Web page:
I read a great article by Professor Michael Merrifield, Head of the School of Physics and Astronomy at the University of Nottingham. He was debating the merit of university league tables – a contentious issue in the world of higher education UK-wide.
In offering an idea about how a potential student might find out where the best place to study really is, he had this to say:
“… the best way to find out where is a good place to study physics is… by asking other physics departments. Each will, of course, tell you that they are the best in the country (in the case of the University of Nottingham, it is even true!), but when you visit on a university open day or contact their admissions tutor by email, ask them where the other good places are. We work together a lot, share expertise, exchange external examiners to oversee each other’s degree programmes, recruit PhD students from other physics departments, and spend a lot of time nosing into each other’s programmes to see if there is anything good that we could “borrow” for our own provision, so we really do all have a pretty good overview of the landscape of physics in the UK. Of course, just giving you the names of a few other universities faces the same problem as the league tables in reducing the question to a single variable, but spend a little time engaging with us, and we should be able to give a much more nuanced and individual recommendation than any newspaper league table could ever manage.”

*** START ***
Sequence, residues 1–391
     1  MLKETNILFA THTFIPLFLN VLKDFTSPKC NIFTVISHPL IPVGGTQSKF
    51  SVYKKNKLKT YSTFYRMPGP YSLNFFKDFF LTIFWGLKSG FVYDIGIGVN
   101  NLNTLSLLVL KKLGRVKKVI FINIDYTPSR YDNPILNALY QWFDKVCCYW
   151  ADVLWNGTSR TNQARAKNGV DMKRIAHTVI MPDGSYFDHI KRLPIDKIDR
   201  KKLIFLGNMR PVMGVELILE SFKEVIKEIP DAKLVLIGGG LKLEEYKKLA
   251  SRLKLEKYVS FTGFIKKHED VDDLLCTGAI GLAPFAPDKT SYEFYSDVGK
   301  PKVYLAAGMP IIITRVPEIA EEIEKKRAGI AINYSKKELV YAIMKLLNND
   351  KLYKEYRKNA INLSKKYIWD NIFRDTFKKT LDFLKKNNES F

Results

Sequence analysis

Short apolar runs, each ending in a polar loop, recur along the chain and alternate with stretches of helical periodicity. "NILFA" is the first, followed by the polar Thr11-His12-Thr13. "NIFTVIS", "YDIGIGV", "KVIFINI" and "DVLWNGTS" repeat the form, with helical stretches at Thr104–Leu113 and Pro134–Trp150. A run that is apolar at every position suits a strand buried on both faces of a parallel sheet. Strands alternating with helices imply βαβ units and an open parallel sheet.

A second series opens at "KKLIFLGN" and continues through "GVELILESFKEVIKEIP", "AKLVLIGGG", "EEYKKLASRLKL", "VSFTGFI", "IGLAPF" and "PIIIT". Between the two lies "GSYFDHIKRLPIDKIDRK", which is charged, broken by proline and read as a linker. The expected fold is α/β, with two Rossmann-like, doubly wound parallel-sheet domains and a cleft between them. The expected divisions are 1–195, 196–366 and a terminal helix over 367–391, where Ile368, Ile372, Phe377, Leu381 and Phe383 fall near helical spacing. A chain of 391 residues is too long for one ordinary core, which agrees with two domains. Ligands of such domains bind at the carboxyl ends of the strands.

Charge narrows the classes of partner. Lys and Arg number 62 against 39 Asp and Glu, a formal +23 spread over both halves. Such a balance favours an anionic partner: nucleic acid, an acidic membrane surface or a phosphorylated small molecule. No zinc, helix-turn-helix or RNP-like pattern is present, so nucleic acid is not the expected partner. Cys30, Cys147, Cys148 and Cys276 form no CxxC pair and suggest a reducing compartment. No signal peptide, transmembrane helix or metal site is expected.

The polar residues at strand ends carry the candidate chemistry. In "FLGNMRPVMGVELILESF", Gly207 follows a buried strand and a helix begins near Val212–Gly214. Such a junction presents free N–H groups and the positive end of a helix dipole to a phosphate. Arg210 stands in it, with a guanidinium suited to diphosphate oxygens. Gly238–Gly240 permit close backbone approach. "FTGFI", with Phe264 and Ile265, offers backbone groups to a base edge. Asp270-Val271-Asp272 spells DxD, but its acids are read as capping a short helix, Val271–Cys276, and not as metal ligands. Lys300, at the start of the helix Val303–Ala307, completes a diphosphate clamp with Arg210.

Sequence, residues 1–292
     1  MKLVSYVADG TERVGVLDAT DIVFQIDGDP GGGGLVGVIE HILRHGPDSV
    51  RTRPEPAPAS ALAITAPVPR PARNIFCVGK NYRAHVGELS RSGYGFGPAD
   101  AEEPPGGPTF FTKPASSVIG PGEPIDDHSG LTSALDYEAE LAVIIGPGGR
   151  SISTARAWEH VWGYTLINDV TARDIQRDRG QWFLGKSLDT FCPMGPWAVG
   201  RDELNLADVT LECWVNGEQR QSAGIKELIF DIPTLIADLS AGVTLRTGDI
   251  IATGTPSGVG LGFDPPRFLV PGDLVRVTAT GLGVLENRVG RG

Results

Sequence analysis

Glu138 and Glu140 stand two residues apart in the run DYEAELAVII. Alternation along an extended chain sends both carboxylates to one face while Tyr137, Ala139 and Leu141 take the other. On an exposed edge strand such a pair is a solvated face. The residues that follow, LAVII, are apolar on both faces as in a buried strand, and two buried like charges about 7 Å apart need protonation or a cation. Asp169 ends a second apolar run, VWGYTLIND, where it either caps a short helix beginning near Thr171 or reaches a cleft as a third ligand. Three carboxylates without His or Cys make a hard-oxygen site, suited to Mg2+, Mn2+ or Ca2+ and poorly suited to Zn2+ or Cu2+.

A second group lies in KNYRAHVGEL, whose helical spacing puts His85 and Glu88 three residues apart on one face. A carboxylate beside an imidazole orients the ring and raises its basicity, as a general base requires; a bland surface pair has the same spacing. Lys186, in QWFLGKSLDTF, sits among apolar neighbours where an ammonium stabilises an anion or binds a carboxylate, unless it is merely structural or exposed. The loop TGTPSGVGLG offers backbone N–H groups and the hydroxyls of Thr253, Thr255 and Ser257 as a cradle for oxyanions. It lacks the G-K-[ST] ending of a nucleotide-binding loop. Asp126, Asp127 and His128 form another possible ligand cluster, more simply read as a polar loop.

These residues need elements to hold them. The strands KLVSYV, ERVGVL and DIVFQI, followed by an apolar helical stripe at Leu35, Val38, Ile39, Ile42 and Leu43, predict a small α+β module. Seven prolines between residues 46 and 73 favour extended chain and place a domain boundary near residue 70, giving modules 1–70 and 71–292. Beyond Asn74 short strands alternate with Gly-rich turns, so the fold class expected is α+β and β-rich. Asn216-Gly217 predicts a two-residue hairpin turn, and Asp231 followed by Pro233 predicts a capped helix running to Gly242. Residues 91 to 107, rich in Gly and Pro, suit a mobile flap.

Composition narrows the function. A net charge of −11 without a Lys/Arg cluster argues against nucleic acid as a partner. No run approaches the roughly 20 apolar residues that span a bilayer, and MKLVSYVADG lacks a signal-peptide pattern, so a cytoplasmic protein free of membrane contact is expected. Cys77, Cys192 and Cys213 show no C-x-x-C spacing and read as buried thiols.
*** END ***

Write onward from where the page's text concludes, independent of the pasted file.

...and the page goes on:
Of course, this is a story about universities and higher education and league tables … but also so much more. It’s about notions of sharing and co-creation and professionalism. It’s about being curious and being willing to learn from others. And it’s about being so confident and happy in your own skill and talent that you can be generous to others. People who do that? Top of any league, definitely.